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Location: New South Wales, Australia

Born in Yorkshire, raised in Australia. I love Poetry, Guitar (especially Spanish classical & Delta Blues), Tudor, Jacobean and Stuart England, Archaeology & good Ale. I edit The Flea & The Chimaera (with Peter Bloxsom), and Shit Creek Review

Saturday, September 09, 2006

Paddy McGuinness on Germaine and The George

A push back to the 1950s, with our Mary

May 18, 2004

So Mary Donaldson and her Prince met at the Slip Inn in Sussex Street and everything ended in a fairytale wedding. Good luck to them - after all, years ago the same kind of thing happened to quite a few patrons of that establishment, which was in my youth known as the Royal George Hotel.

It was there that in its heyday the Sydney Push, one of our best known bohemian groups, used to meet and no doubt some of them also were in search of something like a fairytale wedding.

Not the least of its one-time patrons was Germaine Greer, and indeed she met her prince there - he was one of the senior gurus of the Push, the two or three blokes known to their irreverent juniors as "the Princes of the Push". She did, after all, want to seize a prominent role in whichever group she found herself in. Not that Greer married her prince, nor did they live happily ever after.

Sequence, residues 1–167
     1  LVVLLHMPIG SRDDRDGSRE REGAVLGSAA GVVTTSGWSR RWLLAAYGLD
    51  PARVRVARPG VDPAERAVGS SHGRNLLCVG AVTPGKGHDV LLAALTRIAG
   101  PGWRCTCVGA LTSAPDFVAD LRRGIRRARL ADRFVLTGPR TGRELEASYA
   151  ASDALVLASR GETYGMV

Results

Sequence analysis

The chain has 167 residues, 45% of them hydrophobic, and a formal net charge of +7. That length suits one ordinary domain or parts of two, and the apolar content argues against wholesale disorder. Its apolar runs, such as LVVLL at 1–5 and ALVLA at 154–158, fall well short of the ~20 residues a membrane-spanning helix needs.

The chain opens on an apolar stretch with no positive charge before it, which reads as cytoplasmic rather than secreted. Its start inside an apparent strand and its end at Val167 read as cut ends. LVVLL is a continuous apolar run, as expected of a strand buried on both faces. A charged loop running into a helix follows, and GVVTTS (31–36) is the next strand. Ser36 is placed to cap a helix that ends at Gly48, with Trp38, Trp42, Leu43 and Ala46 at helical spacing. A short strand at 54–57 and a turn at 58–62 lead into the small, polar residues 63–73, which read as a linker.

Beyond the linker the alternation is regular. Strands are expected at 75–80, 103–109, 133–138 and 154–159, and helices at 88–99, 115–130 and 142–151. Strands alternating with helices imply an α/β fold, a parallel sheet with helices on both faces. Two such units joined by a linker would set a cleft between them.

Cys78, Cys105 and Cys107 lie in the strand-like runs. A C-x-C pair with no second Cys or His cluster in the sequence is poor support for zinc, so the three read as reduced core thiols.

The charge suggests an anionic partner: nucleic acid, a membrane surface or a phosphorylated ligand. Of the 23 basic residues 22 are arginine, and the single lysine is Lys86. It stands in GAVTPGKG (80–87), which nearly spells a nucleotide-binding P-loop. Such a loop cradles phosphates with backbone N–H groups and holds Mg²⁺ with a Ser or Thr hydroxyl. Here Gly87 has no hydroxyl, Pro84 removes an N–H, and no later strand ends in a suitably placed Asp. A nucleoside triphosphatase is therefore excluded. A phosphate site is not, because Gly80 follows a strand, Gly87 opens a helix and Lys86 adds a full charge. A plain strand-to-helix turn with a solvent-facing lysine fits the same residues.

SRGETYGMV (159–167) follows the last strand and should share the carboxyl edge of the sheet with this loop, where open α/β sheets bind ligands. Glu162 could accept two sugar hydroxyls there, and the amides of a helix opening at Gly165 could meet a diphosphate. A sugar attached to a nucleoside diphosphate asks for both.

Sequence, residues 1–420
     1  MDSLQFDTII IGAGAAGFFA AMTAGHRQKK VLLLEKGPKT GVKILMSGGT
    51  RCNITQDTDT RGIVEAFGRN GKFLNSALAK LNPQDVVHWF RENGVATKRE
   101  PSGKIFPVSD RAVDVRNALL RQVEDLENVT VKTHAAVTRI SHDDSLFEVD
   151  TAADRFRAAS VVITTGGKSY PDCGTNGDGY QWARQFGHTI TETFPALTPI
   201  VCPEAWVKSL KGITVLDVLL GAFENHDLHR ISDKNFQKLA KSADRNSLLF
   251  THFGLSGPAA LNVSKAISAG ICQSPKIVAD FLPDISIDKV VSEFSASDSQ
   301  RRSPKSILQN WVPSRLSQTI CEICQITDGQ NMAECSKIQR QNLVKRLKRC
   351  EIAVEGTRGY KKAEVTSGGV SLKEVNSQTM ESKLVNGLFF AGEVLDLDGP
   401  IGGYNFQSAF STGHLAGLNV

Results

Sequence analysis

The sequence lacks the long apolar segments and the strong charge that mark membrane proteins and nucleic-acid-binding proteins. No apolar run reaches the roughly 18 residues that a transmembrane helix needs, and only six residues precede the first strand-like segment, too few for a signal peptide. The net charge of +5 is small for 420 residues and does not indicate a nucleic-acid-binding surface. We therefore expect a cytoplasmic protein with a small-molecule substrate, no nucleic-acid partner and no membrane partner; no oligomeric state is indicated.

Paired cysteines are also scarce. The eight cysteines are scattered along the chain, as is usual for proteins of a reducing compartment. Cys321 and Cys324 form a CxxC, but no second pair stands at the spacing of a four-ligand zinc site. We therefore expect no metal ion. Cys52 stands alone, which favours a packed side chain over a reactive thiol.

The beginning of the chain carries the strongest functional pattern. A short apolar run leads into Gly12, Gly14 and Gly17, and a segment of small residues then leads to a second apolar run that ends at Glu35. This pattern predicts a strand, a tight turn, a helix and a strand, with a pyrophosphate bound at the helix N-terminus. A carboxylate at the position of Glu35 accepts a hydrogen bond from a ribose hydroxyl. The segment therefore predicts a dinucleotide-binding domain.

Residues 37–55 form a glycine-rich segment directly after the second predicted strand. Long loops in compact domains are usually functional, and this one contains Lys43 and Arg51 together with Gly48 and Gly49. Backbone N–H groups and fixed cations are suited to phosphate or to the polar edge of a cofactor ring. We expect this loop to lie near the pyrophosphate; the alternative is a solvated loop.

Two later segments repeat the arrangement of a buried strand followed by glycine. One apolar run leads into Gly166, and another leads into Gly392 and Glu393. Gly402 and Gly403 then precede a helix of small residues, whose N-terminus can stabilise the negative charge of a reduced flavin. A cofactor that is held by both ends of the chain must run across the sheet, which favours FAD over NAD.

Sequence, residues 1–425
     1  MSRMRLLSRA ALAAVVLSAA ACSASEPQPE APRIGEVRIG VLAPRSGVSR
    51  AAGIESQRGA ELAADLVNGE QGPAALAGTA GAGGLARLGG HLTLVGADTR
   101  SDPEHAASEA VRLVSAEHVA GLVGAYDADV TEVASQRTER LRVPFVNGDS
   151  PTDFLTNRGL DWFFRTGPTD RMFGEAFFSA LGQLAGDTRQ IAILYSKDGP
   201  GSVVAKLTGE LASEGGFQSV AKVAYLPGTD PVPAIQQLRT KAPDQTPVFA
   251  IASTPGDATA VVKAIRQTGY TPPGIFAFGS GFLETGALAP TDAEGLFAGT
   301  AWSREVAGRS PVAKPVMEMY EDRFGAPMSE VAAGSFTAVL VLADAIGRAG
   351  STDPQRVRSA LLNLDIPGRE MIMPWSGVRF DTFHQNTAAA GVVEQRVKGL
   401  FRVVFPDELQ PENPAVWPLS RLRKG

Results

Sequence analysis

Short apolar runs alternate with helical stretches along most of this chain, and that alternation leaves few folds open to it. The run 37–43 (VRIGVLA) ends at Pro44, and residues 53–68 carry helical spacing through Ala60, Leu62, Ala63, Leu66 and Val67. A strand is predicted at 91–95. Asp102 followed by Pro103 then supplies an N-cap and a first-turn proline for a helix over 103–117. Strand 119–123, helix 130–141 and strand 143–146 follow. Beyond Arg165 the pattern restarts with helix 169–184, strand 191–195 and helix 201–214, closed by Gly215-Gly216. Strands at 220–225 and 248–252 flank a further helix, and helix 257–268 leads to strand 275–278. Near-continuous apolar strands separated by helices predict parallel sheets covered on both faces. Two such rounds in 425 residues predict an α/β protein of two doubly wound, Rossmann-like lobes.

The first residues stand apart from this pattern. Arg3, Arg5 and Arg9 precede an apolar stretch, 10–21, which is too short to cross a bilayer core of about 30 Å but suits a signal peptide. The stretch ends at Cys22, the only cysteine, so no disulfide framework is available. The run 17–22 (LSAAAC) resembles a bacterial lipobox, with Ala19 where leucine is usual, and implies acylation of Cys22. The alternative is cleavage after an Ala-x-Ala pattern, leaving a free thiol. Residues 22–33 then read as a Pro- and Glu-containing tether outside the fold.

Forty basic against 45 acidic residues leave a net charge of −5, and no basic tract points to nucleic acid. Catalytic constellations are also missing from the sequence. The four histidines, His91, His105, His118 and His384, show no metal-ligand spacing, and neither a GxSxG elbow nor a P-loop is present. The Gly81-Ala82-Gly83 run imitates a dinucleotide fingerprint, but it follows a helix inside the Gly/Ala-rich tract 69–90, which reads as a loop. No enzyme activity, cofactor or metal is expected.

Marriage was definitely not highly thought of in those circles, nor was lifelong fidelity. Or even affair-long fidelity. But then perhaps Greer was more like another fairytale princess, who after a glittering fairytale wedding in Westminster Abbey began to behave more like the Push girls of those days. Happily, Greer has not come to such a tragic end...

- More


...To understand Paddy you've got to understand the Sydney Push and the philosophy called contrarianism. The Push was a rooting club, pseudo-intellectual drinking circle and philosophical talk shop and that flourished in Sydney from just after World War II to the late sixties. In hindsight it was mainly a support network for desperados and bullshit artists who were waiting for well-paid careers as apologists for the prevailing order.

They called themselves libertarians. Some talked out of the left side of their mouth and some out of the right, but when you get down to it, contrarianism was the most lasting intellectual product of the Push. It is a philosophy tailor-made for professional ideological provocateurs or "controversialists" as they are called in the industry...

When Push comes to Shove at Nick Possum's wonderful blog.


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